We Begin

How is your January?

January is the first month in the Gregorian calendar and has 31 days. The name January comes from Janus or Ianus, the Roman god of passage and new beginningsIānus is Latin and means arched gateway. It is related to the word Janitor, which initially meant “Keeper of the Gate.” I would argue that janitor still does mean that–keeper of the gate. I invite you to think that through. Where would public spaces, commercial and office buildings, entertainment centers, etc. be without someone(s) keeping them up, thus accessible, thus enterable and exitable? And, more often than not, that same janitor(s) can fix things, can rebuild things, can, by experience or reasoning, do.

I am born in January, would that it defined my mechanical and reasoning self-sufficiency. It does not. Could it? Could I do? Do you reflect the meaning of the name of your birth month? Could you? Would you?

Funny, my fingers touch the keys, and I do not know where they will travel. Today the trip began with January.

This morning I walked around the mighty river that flows through our city, well not the entire river, as I would still be walking to the Atlantic and then back up to somewhere in mid-northerly New Hampshire. I walked from my house to the river, across on Mammoth Street bridge, along the river’s north bank, and back across to the south bank on the 40-year old bailey (viz–temporary) bridge. It being a metal bridge, I mini-stepped along the walkway, touching the pedestrian-protective grating all the time so as to grab should my feet slide out from under me. I talked to myself the entire length.

These two views are from the Mammoth Street Bridge. I did not stop to photograph on the bailey bridge, which if you squint you might be able to see way back in center back of the bottom photo

What a gift it is to live walking distance from waterways. We have two. Two natural and oh, 5 or 7 dug canals that grabbed the power of this river and fed mills, mills, mills. About half of which remain standing, and most of these serving now as residential, museum, retail, and business spaces.

What a gift it is that trees persist along the river’s banks and birds ply its waters.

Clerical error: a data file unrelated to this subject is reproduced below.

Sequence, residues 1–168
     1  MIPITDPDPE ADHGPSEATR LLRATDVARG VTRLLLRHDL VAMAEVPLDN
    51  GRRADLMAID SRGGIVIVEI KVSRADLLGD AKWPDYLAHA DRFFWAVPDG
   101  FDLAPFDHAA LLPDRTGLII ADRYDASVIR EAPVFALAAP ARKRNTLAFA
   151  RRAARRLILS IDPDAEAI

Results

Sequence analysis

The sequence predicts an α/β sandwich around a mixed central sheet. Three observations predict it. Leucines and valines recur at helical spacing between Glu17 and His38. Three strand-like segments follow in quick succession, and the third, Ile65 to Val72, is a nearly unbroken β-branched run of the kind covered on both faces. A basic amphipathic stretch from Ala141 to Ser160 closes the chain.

I think it’s a hackberry? Behind it you can see the river flowing
A Hooded Merganser couple

What a gift it is that one can stand at the lip of the bank and sense the river’s conversation as it passes by. And that no one has yet cleared away a recently fallen old birch, so that it can be extra sustenance for the myriad medium, small, and microscopic entities whose lifecycles are disrupted by the unpredictable, unseasonable, disruptive weather patterns that are life these days.

Fallen, ancient birch on the northside esplanade. The birch’s feet were toed into the tilting riverbank.

And the gifts of being able to walk along the river, among what reside beside it, and to see, hear, touch, smell, and taste, and walk home patting passing dogs, greeting occasional neighbors and numerous non-neighbors, and enter my heated house, and haul out my laptop, and type this letter to you. And the gift of you reading it. I am thankful, and I thank you.

Author: Kate Hemenway

I like to explore, to observe. I like to be within what is around. There is always something to wonder about and to ponder. There is always something.. My favorite ways to get to places are bicycling and walking; or reading, or thinking, or asking. Please feel free to ask back, as I continue to wonder out loud, express joy or concern, or, sometimes, talk through my hat.

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